With pluck and verve, Debbie Reynolds represented the best of the great Hollywood tradition

Debbie Reynolds poses during a press conference in London in 2010.
(BEN STANSALL / AFP/Getty Images)

I didn’t know Debbie Reynolds, but I shook her hand once. Not as a film critic but just as a fan, watching in awe as she cheerfully made her way through a scrum of admirers at a TCM Classic Film Festival event in Hollywood a few years back.

The qualities she displayed on that public night, the energy, the sparkle, the pluck, were things I had always admired in her on the screen in a career that lasted more than half a century. That and something more.

For though Reynolds’ trajectory is usually, and accurately, described as taking place in a Hollywood in transition, a Hollywood where the massive audiences of the Golden Age could no longer be taken for granted, that was not the whole story.


There was something, in my mind at least, about the glamour that surrounded Reynolds, about her determination to entertain no matter what the cost, that made her part of the old school contingent. She was, to borrow a phrase from one of her best-known roles, the unsinkable Molly Brown for real.

Even aspects of Reynolds’ personal life appeared to come right out of a Douglas Sirk melodrama. For instance, her seemingly storybook marriage to heartthrob singer Eddie Fisher, followed by the savage public betrayal of Fisher’s affair with Elizabeth Taylor.

Even the sad circumstances of Reynolds’ death, just a day after the unexpected loss of her beloved daughter, Carrie Fisher, seems like the kind of situation only a battered old screenwriter like F. Scott Fitzgerald’s Pat Hobby would dare write.

Reynolds herself seemed to feel this connection, understanding, as almost no one else did, the importance of preserving the tangible aspects of classic Hollywood, the costumes, props and memorabilia, for future generations to marvel at.

So, the actress devoted considerable time and money to acquiring a huge trove, including more than 3,500 costumes — Marilyn Monroe’s dress from “The Seven Year Itch,” Judy Garland’s from The Wizard of Oz” and Charlie Chaplin’s bowler hat, among other things — that she always wanted to enshrine in a proper museum. (Now that the Academy of Motion Picture Arts and Sciences is finally putting together just such an establishment, that Reynolds’ collection was sold piecemeal before the powers that be realized how irreplaceable it was is something that saddens all concerned).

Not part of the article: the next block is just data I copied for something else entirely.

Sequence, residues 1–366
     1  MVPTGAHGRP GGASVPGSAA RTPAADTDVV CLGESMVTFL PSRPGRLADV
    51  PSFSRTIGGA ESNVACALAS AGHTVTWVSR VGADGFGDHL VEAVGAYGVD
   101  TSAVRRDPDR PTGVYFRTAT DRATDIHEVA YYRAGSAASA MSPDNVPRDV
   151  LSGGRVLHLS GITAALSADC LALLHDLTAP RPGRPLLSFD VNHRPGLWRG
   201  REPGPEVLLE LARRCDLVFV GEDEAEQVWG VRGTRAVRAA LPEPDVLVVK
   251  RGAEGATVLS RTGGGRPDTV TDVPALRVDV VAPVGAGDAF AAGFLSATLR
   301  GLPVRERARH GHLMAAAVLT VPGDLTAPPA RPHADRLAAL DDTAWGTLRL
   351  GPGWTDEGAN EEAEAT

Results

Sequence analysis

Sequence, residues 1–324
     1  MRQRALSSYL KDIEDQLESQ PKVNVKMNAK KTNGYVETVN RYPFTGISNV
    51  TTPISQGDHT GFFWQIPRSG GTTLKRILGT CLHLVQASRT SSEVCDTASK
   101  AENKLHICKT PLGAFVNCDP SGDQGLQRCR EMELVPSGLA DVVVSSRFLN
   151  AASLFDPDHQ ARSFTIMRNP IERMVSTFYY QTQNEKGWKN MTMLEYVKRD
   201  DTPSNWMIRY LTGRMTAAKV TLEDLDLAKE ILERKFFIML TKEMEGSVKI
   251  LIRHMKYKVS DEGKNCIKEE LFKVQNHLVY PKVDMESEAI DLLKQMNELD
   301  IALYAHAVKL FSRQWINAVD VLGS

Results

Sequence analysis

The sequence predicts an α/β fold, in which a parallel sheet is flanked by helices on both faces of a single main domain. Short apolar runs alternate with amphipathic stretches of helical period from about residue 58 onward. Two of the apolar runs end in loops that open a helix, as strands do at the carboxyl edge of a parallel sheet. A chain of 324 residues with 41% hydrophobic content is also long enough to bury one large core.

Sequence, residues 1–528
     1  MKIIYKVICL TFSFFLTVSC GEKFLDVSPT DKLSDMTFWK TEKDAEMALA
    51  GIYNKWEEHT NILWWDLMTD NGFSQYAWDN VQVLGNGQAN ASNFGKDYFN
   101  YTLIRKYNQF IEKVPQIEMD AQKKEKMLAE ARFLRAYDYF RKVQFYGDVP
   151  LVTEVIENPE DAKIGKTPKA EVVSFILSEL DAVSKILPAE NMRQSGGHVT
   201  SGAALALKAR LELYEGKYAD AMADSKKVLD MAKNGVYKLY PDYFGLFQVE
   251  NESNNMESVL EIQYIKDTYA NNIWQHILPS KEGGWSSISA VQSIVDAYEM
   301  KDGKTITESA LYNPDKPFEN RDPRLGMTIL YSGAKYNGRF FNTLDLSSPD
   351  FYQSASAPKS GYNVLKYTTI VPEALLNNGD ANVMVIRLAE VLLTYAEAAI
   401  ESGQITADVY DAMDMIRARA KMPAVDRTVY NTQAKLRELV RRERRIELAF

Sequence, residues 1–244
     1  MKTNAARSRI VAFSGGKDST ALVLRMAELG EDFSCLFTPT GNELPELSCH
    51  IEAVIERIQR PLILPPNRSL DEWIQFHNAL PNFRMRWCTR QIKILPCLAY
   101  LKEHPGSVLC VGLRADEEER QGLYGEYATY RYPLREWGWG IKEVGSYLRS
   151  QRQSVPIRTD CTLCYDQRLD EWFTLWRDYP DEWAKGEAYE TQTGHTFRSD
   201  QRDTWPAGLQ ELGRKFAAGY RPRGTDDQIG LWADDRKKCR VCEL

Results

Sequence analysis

Reynolds also fits snugly into the studio era because she was one of the last of the actresses to be brought into the Dream Factory the old fashioned way.

Born Mary Frances Reynolds in 1932, she was named Miss Burbank 1948 by a panel that included studio talent scouts, and, with no previous thoughts of acting (a gym teacher had been her career goal), she became a Warner Bros. contract player. The studio changed her name to Debbie and put her to work.

While a chunk of Reynolds’ decades-long output includes fluffy, youth-oriented items like “Tammy and the Bachelor,” “The Affairs of Dobie Gillis,” even “The Singing Nun,” film fans think of her first and foremost for her starring role in one of the greatest of movie musicals, 1952’s “Singin’ in the Rain.”

Because she was only 19 and without significant dancing experience, Reynolds was not the obvious choice for ingénue Kathy Selden, a role for which both Judy Garland and June Allyson were apparently considered. But Reynolds had one distinct advantage: She didn’t have to act the fresh-faced ingénue, she was one. And once she got the role, no one worked harder.

The actress pushed herself for months — “the university of hard work and pain,” her costar and mentor Gene Kelly called it. She got good enough, after 14 hours of rehearsal that led to bleeding feet, to dance seamlessly over a sofa with Kelly and costar Donald O’Connor in the first number she shot, the classic “Good Morning.” She looked, in fact, like she’d been making moves like that her whole life.

With the exuberance and joy of performance as one of its themes, “Singin’ in the Rain,” and Reynolds’ part in it, has proved to be the Hollywood musical’s most durable example, the real tinsel underneath all the fake stuff.


A case in point of how valuable the good feeling and high spirits Reynolds personified came the night of Sept. 11, 2001, when Frank Pierson, the Oscar-winning screenwriter of “Dog Day Afternoon,” was looking for a movie to watch with his wife to take his mind off the World Trade Center catastrophe.

The choice, as Pierson revealed to an academy audience a few years later, was a snap: “Singin’ in the Rain.” A film guaranteed to lift your spirits, even if you’re facing what looks to be the end of the world, and a great way to remember Debbie Reynolds, unsinkable to the end.


Debbie Reynolds, who sang and danced to fame in ‘Singin’ In The Rain,’ dies at 84

Debbie Reynolds lived a bold life on screen and off


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